A flavorful, starchy tuber that can range in shape from a small and kidney-shaped variety to a larger barrel shaped root, similar to a sweet potato. With a length that can vary from less than 5 inches to over 12 inches, Taro is typically covered with a brown, hairy skin covering a smooth flesh that may be very white, grayish-white or cream colored and is sometimes marked with small dark specks. Taro can be cooked in the same manner as a potato, including baking, boiling, frying, steaming, and sautéing, and has a nut-like, potato flavor. The larger Taro Roots have a sweeter flavor but are drier than the smaller roots. They are eaten as a vegetable or added to soups and stews. Taro is a key ingredient in Hawaiian Poi.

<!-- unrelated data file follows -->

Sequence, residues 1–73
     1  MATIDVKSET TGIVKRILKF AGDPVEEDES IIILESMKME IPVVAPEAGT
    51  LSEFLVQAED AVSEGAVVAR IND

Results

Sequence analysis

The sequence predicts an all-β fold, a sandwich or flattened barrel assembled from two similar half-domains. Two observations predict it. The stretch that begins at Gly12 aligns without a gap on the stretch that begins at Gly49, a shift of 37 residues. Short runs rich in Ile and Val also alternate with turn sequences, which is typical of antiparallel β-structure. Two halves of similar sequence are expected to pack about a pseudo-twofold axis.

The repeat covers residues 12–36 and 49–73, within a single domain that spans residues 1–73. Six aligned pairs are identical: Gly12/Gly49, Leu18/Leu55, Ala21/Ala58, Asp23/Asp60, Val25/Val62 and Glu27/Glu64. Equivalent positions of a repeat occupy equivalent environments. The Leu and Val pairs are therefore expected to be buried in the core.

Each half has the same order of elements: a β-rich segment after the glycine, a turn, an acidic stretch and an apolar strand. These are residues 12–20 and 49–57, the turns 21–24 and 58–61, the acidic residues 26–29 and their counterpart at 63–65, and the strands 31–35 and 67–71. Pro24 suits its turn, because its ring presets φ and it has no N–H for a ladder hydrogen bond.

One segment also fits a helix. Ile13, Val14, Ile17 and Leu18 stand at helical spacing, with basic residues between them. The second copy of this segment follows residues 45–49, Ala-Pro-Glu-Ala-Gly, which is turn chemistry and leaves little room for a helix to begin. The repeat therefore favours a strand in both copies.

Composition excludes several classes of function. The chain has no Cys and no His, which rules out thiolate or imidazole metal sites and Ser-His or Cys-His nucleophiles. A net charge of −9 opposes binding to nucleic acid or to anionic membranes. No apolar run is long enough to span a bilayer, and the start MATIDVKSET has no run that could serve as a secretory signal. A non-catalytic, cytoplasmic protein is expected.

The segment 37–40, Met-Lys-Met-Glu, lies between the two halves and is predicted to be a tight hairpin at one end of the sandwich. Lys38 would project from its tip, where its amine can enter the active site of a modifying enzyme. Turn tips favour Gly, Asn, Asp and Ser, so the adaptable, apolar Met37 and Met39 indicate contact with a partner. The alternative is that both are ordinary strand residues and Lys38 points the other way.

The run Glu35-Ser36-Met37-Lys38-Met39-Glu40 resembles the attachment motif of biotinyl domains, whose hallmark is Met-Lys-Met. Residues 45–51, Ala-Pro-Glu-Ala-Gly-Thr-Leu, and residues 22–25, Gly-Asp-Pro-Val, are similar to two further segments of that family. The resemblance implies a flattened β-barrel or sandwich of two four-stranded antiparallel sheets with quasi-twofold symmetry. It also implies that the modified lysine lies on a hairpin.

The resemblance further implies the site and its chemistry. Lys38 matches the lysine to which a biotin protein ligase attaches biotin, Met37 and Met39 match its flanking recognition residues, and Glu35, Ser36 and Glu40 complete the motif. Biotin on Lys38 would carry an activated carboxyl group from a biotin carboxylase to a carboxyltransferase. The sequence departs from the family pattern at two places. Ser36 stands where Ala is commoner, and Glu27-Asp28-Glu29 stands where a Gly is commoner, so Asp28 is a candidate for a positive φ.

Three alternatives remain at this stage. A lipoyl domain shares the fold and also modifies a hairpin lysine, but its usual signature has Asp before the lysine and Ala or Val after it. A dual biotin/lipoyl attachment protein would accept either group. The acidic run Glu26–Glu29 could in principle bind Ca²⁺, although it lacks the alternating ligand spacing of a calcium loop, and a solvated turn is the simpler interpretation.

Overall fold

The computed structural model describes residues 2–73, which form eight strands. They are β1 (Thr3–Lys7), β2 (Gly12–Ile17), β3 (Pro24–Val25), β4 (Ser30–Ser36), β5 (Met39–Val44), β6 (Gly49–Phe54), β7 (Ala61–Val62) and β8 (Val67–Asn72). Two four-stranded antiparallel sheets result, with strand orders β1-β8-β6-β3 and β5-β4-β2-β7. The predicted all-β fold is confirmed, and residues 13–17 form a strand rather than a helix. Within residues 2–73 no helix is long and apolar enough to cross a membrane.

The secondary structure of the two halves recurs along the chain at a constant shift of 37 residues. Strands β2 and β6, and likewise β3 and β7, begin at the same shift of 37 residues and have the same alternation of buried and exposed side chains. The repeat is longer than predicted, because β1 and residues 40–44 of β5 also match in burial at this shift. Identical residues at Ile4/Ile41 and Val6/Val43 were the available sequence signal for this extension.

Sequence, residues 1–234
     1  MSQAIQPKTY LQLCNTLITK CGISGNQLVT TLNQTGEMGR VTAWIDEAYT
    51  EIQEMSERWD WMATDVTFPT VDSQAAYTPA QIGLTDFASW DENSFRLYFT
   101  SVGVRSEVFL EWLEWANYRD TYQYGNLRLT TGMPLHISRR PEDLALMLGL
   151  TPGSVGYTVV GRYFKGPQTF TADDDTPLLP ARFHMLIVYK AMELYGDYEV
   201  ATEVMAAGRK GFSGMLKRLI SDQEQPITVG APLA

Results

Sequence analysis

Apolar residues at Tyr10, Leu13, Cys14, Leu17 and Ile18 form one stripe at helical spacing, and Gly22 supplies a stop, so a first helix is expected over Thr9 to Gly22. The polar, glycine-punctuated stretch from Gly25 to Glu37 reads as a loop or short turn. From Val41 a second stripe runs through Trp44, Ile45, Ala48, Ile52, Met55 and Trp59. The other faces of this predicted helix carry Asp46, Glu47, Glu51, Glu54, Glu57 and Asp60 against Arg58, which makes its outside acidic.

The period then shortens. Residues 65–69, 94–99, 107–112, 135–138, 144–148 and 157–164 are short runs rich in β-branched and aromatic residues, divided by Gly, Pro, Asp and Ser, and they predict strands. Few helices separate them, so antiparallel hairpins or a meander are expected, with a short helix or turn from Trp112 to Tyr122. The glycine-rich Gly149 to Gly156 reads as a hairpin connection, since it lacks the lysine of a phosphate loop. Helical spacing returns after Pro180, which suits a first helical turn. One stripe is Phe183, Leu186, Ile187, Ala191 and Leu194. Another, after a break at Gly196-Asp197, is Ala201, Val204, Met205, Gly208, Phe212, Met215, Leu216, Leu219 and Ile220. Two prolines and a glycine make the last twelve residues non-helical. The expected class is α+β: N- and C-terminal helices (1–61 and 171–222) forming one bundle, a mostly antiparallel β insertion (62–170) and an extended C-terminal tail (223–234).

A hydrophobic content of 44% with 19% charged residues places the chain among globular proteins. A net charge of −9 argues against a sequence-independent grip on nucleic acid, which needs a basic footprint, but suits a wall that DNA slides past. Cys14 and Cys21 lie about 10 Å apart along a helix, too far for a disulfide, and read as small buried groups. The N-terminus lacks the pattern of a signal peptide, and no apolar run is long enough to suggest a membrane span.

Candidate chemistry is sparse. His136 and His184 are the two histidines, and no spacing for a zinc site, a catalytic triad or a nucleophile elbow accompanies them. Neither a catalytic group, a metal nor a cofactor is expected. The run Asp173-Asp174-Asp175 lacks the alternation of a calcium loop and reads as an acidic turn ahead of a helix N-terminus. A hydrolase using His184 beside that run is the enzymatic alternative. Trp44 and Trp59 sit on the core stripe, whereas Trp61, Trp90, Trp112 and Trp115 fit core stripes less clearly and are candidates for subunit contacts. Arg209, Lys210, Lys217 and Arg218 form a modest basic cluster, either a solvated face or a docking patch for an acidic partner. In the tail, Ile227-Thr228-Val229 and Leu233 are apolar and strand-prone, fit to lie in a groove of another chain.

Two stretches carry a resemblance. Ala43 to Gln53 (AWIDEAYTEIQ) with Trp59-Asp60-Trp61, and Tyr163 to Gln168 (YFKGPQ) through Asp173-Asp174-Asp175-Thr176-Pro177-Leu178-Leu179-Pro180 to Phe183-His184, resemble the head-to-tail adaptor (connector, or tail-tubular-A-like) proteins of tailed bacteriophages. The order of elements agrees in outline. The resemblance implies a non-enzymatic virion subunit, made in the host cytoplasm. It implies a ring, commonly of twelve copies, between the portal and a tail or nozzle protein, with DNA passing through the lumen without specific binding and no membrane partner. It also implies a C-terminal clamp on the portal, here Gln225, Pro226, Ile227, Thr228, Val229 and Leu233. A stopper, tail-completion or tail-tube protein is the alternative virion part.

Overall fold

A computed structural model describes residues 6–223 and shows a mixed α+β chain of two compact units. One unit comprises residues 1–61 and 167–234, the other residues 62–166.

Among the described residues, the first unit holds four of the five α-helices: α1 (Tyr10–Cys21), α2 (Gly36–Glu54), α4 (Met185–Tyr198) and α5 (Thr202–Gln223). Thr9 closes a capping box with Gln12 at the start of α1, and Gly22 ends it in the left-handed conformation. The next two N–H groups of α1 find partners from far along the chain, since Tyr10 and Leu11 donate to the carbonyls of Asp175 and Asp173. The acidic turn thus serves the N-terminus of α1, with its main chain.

Taro is available throughout the year in both specialty stores and general food markets. When selecting, choose those that are firm and do not have shriveled skins or show signs of mold. Store in a cool dry place for up to three or four days. Do not store in the refrigerator. When purchased in a food store, the root may be coated with edible wax, which helps to preserve this tuber for several weeks or longer periods of time, depending on the method of storage.